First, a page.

The U.S. Dollar is losing ground today after a dramatic change in mood across markets based on improving economic data in Europe and doubts over the sustainability of high-interest rates.
Additionally, equity markets across the pond reignited a sense of risk appetite. Strategists came out swinging this morning, calling this a time to enter into oversold equities, such as the S&P 500, indicating there could be some turnaround from the jump to the safe-haven buck and its treasuries.
Purchasing Managers Index figures in Europe as well as in the U.K. impressed, which caused a comeback for those currencies after reaching multi-month lows. Mexican Peso returned from weakening to its worst level since May, while other currencies are also climbing out of the hole they have been in for weeks.
September proved to be a month of growing doubts fueling uncertainty over economic demand down the line, and it was compounded by stellar job openings in the U.S., only worsening the concern over interest rates staying high for longer than markets desire. Today’s flip is important because it is backed by indicators demonstrating that economic resilience can be found elsewhere and that bleak outlook may not entirely pan out. A changing narrative is developing, and it could spark big swings downward for the greenback.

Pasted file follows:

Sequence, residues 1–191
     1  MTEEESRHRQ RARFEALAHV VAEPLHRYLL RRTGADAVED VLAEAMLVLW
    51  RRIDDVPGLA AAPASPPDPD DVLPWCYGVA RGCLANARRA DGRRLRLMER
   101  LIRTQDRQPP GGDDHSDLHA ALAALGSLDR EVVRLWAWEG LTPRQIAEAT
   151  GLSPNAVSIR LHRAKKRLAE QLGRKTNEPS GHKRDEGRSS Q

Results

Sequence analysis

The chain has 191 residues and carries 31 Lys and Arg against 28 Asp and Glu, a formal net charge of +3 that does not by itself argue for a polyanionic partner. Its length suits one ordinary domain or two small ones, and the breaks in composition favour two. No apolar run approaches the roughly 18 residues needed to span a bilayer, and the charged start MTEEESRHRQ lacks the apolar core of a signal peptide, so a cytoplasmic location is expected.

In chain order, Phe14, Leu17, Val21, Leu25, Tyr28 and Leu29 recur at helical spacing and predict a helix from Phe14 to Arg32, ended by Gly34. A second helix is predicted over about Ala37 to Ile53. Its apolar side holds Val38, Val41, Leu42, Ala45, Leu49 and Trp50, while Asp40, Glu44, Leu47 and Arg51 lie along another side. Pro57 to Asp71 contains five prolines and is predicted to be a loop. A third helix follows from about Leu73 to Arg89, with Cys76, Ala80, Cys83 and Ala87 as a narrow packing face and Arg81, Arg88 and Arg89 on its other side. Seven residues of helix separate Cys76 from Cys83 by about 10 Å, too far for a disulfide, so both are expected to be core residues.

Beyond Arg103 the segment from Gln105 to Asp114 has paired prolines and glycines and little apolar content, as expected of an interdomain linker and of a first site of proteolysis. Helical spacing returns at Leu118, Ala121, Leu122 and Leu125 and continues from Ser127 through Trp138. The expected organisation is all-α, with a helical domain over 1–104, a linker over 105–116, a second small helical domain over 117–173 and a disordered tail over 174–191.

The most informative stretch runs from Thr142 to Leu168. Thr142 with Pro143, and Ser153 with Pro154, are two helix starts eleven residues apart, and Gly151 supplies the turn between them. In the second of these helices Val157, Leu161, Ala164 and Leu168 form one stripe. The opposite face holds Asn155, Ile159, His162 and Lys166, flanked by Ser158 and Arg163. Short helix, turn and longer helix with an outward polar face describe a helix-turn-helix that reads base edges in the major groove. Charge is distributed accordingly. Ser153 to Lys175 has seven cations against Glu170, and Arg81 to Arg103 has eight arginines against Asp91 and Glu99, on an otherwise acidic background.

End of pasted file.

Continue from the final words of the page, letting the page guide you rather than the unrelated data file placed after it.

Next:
What to Watch Today…
- S&P Global US Composite PMI 50.1 vs. 50.2 expected
- Durable Goods Orders 10 AM
- U.S. Employment Situation Friday 8:30 AM
- Monex USA Online is always open
The Euro jumped by over half a percent following PMIs demonstrating that economic times may not be as bad as half of economists feel. The PMI Composite reading for the Eurozone was better than expected in September, 47.2 vs 47.1, but it was more crucial to see expansionary readings above 50.0 for Spain as well as Germany, thus suggesting the survey is looking towards investment and growth. Retail Sales tumbled more than expected, but overall it looks like numbers are completely defying the pessimistic take we have been accustomed to for weeks. A mild winter, much like it played out in 2022, could ease the negativity foreseen.
Sterling is the best performer among the majors as numbers out of the U.K. revealed a better-than-expected PMI survey. U.K. Service PMI almost had an expansionary reading coming in at 49.3 while the Composite improved to 48.5 from 46.8. In general, sour feelings between the UK and the EU are cooling after Brexit became less of a priority than security and cooperation while a conflict affecting energy supplies is underway. The Bank of England saw it fit to pause on its path to increasing interest rates and allow some breathing for the economy. We shall see if data keeps Pound surprising us, while it is worth remembering GBP is the fastest to recover after it dips.